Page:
These days it seems as though everyone even remotely involved in healthcare spends a majority of their time discussing issues like population health, individualized medicine, and patient-centric care. Lets face it – we’re all concerned about our health, both as individuals and as a large group. This concern brings up a simple question: hasn’t healthcare always been focused on people and populations?
The answer is also quite simple – yes and no.
Historically, the practice of medicine was considered an art, which at some point in the 20th century transformed into a business. Doctors spent meaningful time with their patients, getting to know them and their families, listening to their problems to better care for them as an individual. Sure, doctors and hospitals have continued to treat patients one at a time, but as our population has grown and less time is available for each patient, it has been somewhat of a double-edged sword for the healthcare industry. On one hand, we’ve learned more from each patient encounter, and as the volume of patients and procedures grew, so did the accumulated knowledge. And on the other hand, the business side of the equation was impacted by the increasing volume of, well, everything. The problems began to arise when the resources to pay for more and more “care” began to dwindle, as did the time to spend with each patient.
Although we have discovered more about what works and what doesn’t for particular illnesses, for certain populations of patients, and even for healthcare processes in general, that knowledge and business intelligence needs to be put to use treating others more effectively and more efficiently in the future. With more people – especially older and sicker people – and less time and resources to care for all of them, the challenges of both population health and personalized medicine become more daunting. We need to ask the harder questions like: how do we build value and create better outcomes while spending less?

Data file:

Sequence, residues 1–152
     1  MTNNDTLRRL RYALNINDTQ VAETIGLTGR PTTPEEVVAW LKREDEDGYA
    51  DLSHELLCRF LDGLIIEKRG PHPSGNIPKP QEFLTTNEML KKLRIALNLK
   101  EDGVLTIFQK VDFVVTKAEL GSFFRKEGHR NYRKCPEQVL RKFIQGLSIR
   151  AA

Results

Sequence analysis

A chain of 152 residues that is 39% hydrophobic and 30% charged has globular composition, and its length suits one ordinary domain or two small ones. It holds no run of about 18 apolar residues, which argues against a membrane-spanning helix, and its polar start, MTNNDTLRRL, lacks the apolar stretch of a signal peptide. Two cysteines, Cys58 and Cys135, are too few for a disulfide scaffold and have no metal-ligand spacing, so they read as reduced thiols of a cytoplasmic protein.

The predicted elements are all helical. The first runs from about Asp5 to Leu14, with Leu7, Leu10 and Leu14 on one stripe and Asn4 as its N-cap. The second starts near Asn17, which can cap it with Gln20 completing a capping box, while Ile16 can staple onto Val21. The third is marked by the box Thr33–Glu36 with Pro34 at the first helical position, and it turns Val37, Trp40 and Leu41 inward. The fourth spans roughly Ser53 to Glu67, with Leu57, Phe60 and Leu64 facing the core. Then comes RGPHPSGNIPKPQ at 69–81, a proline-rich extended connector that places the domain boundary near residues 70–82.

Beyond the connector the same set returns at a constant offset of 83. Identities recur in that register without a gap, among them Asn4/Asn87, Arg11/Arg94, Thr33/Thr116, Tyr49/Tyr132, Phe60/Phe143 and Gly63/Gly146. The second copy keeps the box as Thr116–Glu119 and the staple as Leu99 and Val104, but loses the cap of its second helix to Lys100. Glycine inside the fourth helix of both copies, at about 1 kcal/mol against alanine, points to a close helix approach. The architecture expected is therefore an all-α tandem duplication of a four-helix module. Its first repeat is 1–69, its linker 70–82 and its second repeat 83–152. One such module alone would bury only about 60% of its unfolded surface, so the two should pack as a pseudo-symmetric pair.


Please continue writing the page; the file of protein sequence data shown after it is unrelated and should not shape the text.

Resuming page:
Let’s fast forward to the present, the 21st century. We have faster technology, easier ways of communicating, nearly unlimited data storage capabilities, and – most importantly – a world economy that is forcing us to do more with less. Finally, the stars are aligned and the healthcare industry has the power to use all of the data that has been collected and stored over the years, in ways that will benefit huge patient populations, as well as enhance the healthcare experience for each patient, no matter where they are in the healthcare journey.
If we’re going to tackle the challenges of population health as a society, we need to improve the way patients are treated – one person at a time. Personalizing the healthcare experience for the individual isn’t just about making the process less stressful, or less like a healthcare “assembly line.” That part of the journey certainly needs to be improved as well, but even more importantly, we need to be able to access all of the data required to care for each patient in the right place at the right time – no exceptions.
In the future – which, by the way, is actually here – we’ll be able to ensure that providers can treat each of their patients as they want and deserve to be treated – as individuals. The availability of data across the continuum of care, from hospitals to labs to payers, will lead to a continuous improvement in population health as well. I’m reminded of a scene from the Monty Python film The Life of Brian, where a large crowd of people are chanting, “We’re all individuals, we’re all individuals,” and one man in the back of the crowd quietly says, “I’m not.” If we’re going to improve healthcare on a global scale, we need to reach out to the man in the crowd who is different. We need to change healthcare one patient at a time.
Dr. Charlie Miraglia is the Chief Medical Officer at hc1.com.